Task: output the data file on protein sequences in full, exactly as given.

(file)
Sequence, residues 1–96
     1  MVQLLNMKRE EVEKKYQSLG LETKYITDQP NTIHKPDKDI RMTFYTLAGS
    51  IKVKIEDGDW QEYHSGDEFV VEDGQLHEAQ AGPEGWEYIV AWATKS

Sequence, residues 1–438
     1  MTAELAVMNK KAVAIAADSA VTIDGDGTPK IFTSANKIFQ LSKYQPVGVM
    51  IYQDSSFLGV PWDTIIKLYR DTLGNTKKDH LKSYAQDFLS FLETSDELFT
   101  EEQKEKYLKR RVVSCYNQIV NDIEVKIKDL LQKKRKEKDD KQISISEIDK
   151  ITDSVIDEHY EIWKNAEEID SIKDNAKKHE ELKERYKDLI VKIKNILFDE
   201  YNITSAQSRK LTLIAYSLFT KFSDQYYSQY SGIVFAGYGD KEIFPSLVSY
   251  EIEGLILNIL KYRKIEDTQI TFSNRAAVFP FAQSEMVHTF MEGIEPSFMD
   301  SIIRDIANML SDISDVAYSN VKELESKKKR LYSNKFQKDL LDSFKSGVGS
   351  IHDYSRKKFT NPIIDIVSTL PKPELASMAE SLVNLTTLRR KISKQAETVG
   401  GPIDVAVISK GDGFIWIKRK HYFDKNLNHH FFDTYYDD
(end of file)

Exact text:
Sequence, residues 1–96
     1  MVQLLNMKRE EVEKKYQSLG LETKYITDQP NTIHKPDKDI RMTFYTLAGS
    51  IKVKIEDGDW QEYHSGDEFV VEDGQLHEAQ AGPEGWEYIV AWATKS

Sequence, residues 1–438
     1  MTAELAVMNK KAVAIAADSA VTIDGDGTPK IFTSANKIFQ LSKYQPVGVM
    51  IYQDSSFLGV PWDTIIKLYR DTLGNTKKDH LKSYAQDFLS FLETSDELFT
   101  EEQKEKYLKR RVVSCYNQIV NDIEVKIKDL LQKKRKEKDD KQISISEIDK
   151  ITDSVIDEHY EIWKNAEEID SIKDNAKKHE ELKERYKDLI VKIKNILFDE
   201  YNITSAQSRK LTLIAYSLFT KFSDQYYSQY SGIVFAGYGD KEIFPSLVSY
   251  EIEGLILNIL KYRKIEDTQI TFSNRAAVFP FAQSEMVHTF MEGIEPSFMD
   301  SIIRDIANML SDISDVAYSN VKELESKKKR LYSNKFQKDL LDSFKSGVGS
   351  IHDYSRKKFT NPIIDIVSTL PKPELASMAE SLVNLTTLRR KISKQAETVG
   401  GPIDVAVISK GDGFIWIKRK HYFDKNLNHH FFDTYYDD